1. In the late 1960s, Milton Friedman and Edmund Phelps argued that there was not astructural relationship between inflation and unemployment rates. In particular, the tradeoff could only exist in the short -run.a) (10 points) The tradeoff between unemployment and inflation was muchdiscussed throughout the 1960s as there appeared to be a clear tradeoffbetween unemployment and inflation. In fact, we traced out the Phillips curvebeginning in the early 1960s and continuing through the end of the decade. Inthe space below, recreate the Phillips curve that we constructed in the lectures,being sure to label diagram completely. At minimum, you should haveunemployment / inflation combinations for 1961, 1962, 1964, 1966, and 1969.Connect the dots and we have the tradeoff between unemployment and inflationduring the 1960s, aka, the Phillips curve.b) (10 points) Now explain why the Phillips curve that you constructed can only be ashort-run phenomenon at best. In particular, explain exactly why, as we wentthrough the decade of the 1960s, we continuously move up and to the northwestalong the Phillips curve…. from relatively high rates of unemployment and lowinflation to relatively low rates of unemployment and high rates of inflation. Inyour answer, make sure discuss the short run aspect of this curve and why, inthe long-run, the Phillips curve is vertical (hint: expected inflation, unexpectedinflation, actual real wages, and expected real wages should be a big part of yourexplanation).2. In this question, we are going dig deeper into the Taylor Rule and it variants(modifications). You will need the following links to answer the following questions.Note, each link takes you to a page where right above the graph on left, there is a"download data in graph" tab – click on it and that will give you access to the data youneed.NAIRUGDP GrowthPGEInflation PCE coreUnemployment RateInflation PCEEffective Federal Funds RateAs Taylor assumed, we assume the equilibrium real rate of interest, r* = 2% and theoptimal inflation rate, the target inflation rate is also equal to 2%.1a) (10 points) Using the ‘standard’ Taylor rule with Inflation PCE (not the core), andusing end of 2011 data (2011-10-01) what is the federal funds rate implied by the’standard’ Taylor Rule? According to the actual federal funds rate (use theEffective Federal Funds Rate), is the Fed being hawkish or dovish? Explain.b) (10 points) Repeat part a) using the modified version of the Taylor using theunemployment gap instead of the GDP gap just like we did in the lectures. Also,use the PCE core rate of inflation instead of overall inflation like you used above the Fed arguably cares more about core inflation than overall inflation. Accordingto the actual federal funds rate (use the Effective Federal Funds Rate), is the Fedbeing hawkish or dovish? Which "Taylor" rule explains Fed behavior better, theoriginal or the modified Taylor Rule? Explain.c) (10 points) Let’s go back in time to the fourth quarter of 1965 (1965-10-01) whenthe "We are all Keynesians" was featured in Time magazine. We argued that this washeyday of Keynesian economics so we would expect to get dovish results. Using theoriginal Taylor Rule that you used in part a) and the modified Taylor Rule that you used inpart b), prove that the Fed was dovish according to both versions of the Taylor Rule.d) (10 points) We now go back to the Volcker period where he was known as beinga hawk on inflation. Using the data from the second quarter of 1982 (1982-04-01),prove that the Volcker Fed was hawkish according to both versions of the Taylor RuleTrue/ False (40 points total – 2 points each)1) According to the "We are all Keynesians Now" article, the labor secretary at that timewanted the unemployment rate to fall down to 3%.2) The misery index in 1980 exceeded 25.3) The mid to late 1970s was the ‘heyday’ of Keynesian economics in the US economy.4) Keynes believed that it was the responsibility of the government to use its powers toincrease production, incomes and jobs.5) Consistent with his thought on spending heavily, Keynes was known as an excellenttipper.6) The steeper the SRAS curve, the steeper the short-run Phillips curve.7) If the long-run aggregate supply curve is vertical so is the long-run Phillips curve.8) Friedman and Phelps agreed that there is a trade-off between unemployment andinflation, but only in the long run.9) If actual inflation is lower than expected inflation, then the actual real wage is higher thanthe expected real wage. This being the case, firms will lay off workers.210) According to the Taylor Rule described in the lectures, if the Fed is getting an A+, thenthe federal funds rate should be set at 5%11) According to the Taylor principle, if actual inflation rises by 1% over target inflation, thenthe Fed should raise the federal funds rate by 2% to make sure that the real federalfunds rate rises which is referred to as "leaning against the wind.12) If the actual federal funds rate is higher than the funds rates implied by the Taylor rule,then we say that the central bank is hawkish.13) If actual inflation rises one percent above target and the central bank raises the actualfunds rate by one percent then according to the Taylor rule, the central bank is beinghawkish.14) According to the Taylor rule, the Greenspan Fed was hawkish during the new economyyears.15) According to the Taylor rule, the Greenspan Fed was hawkish during the job-lessrecovery as well as the job-loss recovery.16) One way to explain the apparent tradeoff between inflation and unemployment duringthe 1960s, expected inflation was consistently higher than the actual inflation implyingthat firms would be willing to higher more workers given this difference betweenexpected and actual inflation. The result therefore would be higher inflation and lowerunemployment, consistent with the facts during the 1960s.17) We argued that the modified version of the Taylor rule during the jobless recoveryfollowing the 1990 – 1991 recession explained Greenspan and the Fed’s behavior muchbetter than the original Taylor Rule.18) According to the Phillips curve analysis, if expected inflation is equal to actual inflationthen we are at NAIRU. However, if actual inflation is higher than expected, then theactual unemployment rate will be higher than that associated with NAIRU.19) If firms and workers had perfect foresight as to inflation so that actual = expectedinflation at all times, then the Phillips curve would be vertical and thus, there would be notrade between unemployment and inflation, even in the short run.20) We argued that a federal funds rate target of 4% is consistent with the stance ofmonetary policy being neutral as in neither tight nor loose.*************************************************************ECON104HOMEWORK#12(100pointstotal)1) (20 points) Explain, in five sentences or less, exactly why the trade deficit in the USincreased from 1995 to 2000. There are two specific reasons. Make sure you explainclearly (the intuition) why each reason would add to our trade deficit.2) (40 points total)a. (10 points) Suppose that you received your college degree from Penn State andnailed a great job over in Europe in the summer of 2001. Given that your familyremains in the US, you make sure that you visit the family every November bytraveling from Europe to the US. We are going to compare the cost of thisvacation, in terms of euros, during two different periods: November 2002 andNovember 2012. We assume that the cost of the trip, in terms of $ US, remainsthe same at $1,000 in both periods. Using the link below and rounding down totwo decimals, compare the euro cost of the trip in November 2002 vs. the eurocost of the trip in November 2012.See the St. Louis Federal Reserve site for $ per euro exchange rate (to getactual data click on "view data" on left hand side of page)b.(30 points – 15 points for explanation and 15 points for correct and completelylabeled diagram) Using the same link above, we are now going to use oursupply/demand framework for US $ to model the movement in the euro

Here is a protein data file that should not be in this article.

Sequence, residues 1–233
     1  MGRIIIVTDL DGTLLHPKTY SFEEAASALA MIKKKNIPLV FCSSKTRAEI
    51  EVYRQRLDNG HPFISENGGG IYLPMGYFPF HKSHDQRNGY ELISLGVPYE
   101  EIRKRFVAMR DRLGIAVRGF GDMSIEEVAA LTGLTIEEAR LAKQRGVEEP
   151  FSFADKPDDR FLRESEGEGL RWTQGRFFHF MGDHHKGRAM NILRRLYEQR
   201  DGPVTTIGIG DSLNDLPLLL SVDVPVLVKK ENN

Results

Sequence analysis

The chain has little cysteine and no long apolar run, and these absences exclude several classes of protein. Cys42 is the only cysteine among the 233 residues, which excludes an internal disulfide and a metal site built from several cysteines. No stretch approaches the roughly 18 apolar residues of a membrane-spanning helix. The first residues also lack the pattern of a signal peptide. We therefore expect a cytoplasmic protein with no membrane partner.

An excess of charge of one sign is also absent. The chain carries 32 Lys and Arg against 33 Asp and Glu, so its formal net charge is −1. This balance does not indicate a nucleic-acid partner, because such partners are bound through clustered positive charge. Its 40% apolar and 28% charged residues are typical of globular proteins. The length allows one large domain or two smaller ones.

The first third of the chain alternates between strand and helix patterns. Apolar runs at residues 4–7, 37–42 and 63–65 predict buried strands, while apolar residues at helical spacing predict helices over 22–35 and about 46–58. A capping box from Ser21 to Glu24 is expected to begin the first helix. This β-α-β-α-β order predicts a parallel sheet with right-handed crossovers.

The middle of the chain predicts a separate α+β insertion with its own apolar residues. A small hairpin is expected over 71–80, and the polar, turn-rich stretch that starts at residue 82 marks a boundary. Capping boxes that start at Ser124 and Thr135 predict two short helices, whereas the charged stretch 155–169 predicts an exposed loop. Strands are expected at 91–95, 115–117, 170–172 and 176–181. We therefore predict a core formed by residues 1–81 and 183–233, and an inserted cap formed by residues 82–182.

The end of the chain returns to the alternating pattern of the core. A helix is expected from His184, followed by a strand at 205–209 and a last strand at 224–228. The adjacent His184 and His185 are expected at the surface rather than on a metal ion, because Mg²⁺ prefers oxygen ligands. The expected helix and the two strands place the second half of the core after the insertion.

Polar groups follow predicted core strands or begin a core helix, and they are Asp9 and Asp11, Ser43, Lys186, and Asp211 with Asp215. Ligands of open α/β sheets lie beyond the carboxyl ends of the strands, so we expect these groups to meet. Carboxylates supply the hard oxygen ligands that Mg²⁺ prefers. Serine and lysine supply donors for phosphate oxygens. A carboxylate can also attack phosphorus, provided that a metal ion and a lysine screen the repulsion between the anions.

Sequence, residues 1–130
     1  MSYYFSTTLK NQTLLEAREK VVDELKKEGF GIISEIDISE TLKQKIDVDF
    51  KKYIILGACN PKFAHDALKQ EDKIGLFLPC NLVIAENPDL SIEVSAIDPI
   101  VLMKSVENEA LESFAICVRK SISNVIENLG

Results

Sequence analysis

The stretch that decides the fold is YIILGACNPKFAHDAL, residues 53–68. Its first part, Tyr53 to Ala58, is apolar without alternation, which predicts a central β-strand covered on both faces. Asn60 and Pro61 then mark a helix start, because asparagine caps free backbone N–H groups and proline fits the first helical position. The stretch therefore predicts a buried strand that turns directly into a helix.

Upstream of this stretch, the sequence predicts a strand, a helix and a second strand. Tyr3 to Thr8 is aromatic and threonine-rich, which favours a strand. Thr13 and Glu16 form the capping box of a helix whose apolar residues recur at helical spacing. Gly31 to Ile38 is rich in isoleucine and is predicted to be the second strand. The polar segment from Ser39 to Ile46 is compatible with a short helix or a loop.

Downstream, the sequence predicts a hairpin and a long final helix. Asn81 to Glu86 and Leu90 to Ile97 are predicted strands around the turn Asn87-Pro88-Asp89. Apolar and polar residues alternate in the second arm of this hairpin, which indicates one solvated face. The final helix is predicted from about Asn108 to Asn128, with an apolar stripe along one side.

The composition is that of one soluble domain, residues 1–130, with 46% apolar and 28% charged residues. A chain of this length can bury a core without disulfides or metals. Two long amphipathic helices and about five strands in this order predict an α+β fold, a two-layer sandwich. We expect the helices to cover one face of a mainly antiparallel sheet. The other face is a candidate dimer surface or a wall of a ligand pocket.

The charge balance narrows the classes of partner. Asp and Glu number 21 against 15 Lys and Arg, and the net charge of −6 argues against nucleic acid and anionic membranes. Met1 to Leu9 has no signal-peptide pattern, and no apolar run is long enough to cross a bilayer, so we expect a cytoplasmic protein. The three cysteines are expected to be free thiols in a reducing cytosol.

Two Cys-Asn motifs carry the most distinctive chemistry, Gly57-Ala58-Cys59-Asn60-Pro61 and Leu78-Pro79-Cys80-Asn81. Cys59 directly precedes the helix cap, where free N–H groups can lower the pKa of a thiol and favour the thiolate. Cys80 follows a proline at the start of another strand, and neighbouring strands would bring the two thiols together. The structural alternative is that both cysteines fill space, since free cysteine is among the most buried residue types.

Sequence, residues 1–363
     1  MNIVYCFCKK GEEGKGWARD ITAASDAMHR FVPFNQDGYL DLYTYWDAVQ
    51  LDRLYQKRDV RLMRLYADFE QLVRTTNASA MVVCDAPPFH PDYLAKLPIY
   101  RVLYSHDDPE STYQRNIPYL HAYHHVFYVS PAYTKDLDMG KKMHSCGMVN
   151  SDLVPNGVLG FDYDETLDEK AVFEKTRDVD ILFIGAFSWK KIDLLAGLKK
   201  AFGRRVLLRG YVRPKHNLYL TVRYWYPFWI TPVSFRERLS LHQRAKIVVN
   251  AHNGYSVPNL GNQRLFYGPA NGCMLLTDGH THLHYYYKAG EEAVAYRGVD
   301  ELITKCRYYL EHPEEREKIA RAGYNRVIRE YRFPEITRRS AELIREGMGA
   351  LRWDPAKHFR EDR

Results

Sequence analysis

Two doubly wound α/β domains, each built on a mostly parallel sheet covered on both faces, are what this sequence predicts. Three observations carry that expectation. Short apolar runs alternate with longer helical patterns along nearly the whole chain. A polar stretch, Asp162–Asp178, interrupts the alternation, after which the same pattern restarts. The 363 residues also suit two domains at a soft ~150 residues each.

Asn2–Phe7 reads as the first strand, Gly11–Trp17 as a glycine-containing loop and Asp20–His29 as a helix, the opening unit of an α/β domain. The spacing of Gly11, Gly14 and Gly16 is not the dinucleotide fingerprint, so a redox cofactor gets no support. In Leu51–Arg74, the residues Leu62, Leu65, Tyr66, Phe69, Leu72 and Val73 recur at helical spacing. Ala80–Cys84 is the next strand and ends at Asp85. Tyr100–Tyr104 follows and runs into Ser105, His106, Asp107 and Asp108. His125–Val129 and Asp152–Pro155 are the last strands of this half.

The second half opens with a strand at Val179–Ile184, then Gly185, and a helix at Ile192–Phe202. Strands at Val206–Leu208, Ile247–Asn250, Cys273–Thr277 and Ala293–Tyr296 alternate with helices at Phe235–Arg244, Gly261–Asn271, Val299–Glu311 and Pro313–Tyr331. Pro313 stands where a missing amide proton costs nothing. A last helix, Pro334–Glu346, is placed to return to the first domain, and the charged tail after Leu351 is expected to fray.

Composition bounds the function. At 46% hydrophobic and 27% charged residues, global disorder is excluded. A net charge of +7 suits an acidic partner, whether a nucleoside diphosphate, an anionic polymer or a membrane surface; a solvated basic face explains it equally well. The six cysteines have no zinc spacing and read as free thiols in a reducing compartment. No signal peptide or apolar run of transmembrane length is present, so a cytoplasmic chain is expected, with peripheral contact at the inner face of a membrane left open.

per $exchange rate between December 2007 (the very beginning of the GreatRecession) and November 2008 (pretty much the height of the global financialcrisis).Note that the data is in $ per euro so you need to convert it into euro per dollarbefore proceeding. For example, $ 1.2 per euro is converted by 1/1.2 = .833meaning that $1 = .83 euro (this is the vertical axis on your graph, i.e., euro per$).Rounding down again to two decimals, draw a supply and demand diagram likewe did numerous times in the lectures labeling the vertical axis as euro per $ andthe initial supply and demand curves labeled with 12/07, Label this initial point aspoint A.Now explain what happened to each curve and WHY between 12/07 and 11/08.Label this new point (11/08) as point B with your supply and demand curveslabeled accordingly(Hint: the two obvious facts during this period is that the 1) US was in a deeprecession and 2) we were at the height of the (global) financial crisis (in 11/08).Assume all else is constant.True/ False (40 points total – 2 points each)1) In a closed economy, savings = investment is the same as the closed economy goodsmarket equilibrium condition we know as Y = C + I + G.2) If income exceeds absorption, then the economy is ‘consuming beyond its means.’3) In the open economy goods market equilibrium with two large countries, the sum of theabsorptions must equal the sum of the incomes produced by the two countries.4) Goods market equilibrium in an open economy requires that savings equals investmentplus the current account.5) If savings exceeds investment then the country is running a trade deficit where NX < 0.6) If NX is positive then the country is consuming beyond their means and must borrowfrom the rest of the world.7) During the mid 2000s, the current account deficit in the US exceeded 10% of GDP.8) We argued that when the economic growth in the US is greater than the (economic)growth rates of our trading partners, the trade deficit in the US should get larger, all elseconstant.9) A country that intervenes in the foreign exchange market to keep their currency weak isconsistent with the country being export oriented.10) We argued that when the US economy grew briskly during the new economy, the supplyof US dollars in exchange for other currencies rose since along with economic growth,our appetite for imports grows as well. This effect, all else constant, would weaken thevalue of the $.11) We argued that the E. Asian and Russian crises would map to our foreign exchangemarket analysis as a decrease in the supply of dollars resulting in a stronger US dollar.12) During the Reagan Administration, the current account became a major economic issue.In particular, the US began running a large current account surplus where US exportswere much larger than US imports.13) Export oriented countries prefer a weaker currency relative to a stronger currency.14) If there is pressure for the Chinese yuan to appreciate against the US dollar, then Chinacan ‘fight’ this appreciation by buying $ with their yuan.15) We argued that one reason that interest rates are low on government securities is due toChina’s exchange rate regime.16) Monetary policy is thought to be stronger in an open economy relative to a closedeconomy since if the Fed, for example, wanted to prevent the economy fromoverheating, they would raise interest rates. Along with the normal closed economyimpact on consumption and investment, we also would have a stronger dollar whichwould lower net exports, adding to the power of monetary policy.17) One reason fiscal policy is thought to be stronger in an open economy relative to aclosed economy is due to the fact that in an open economy setting, the change in theinterest rate effects the exchange rate and thus, adds power to fiscal policy through thisexchange rate channel.18) A rush to the safe haven of $ US during a financial crisis is depicted in the supply /demand model in the $ US market as an increase in the demand to exchange foreigncurrencies in for $. The end result should be $ US appreciation, all else constant.19) We argued that the $ US was appreciating in the early years of the ReaganAdministration due to the expansionary fiscal policy during this time.20) When people refer to the twin deficits in the US they are most likely referring to the neweconomy years since this was the time twin deficits occurred in the US economy.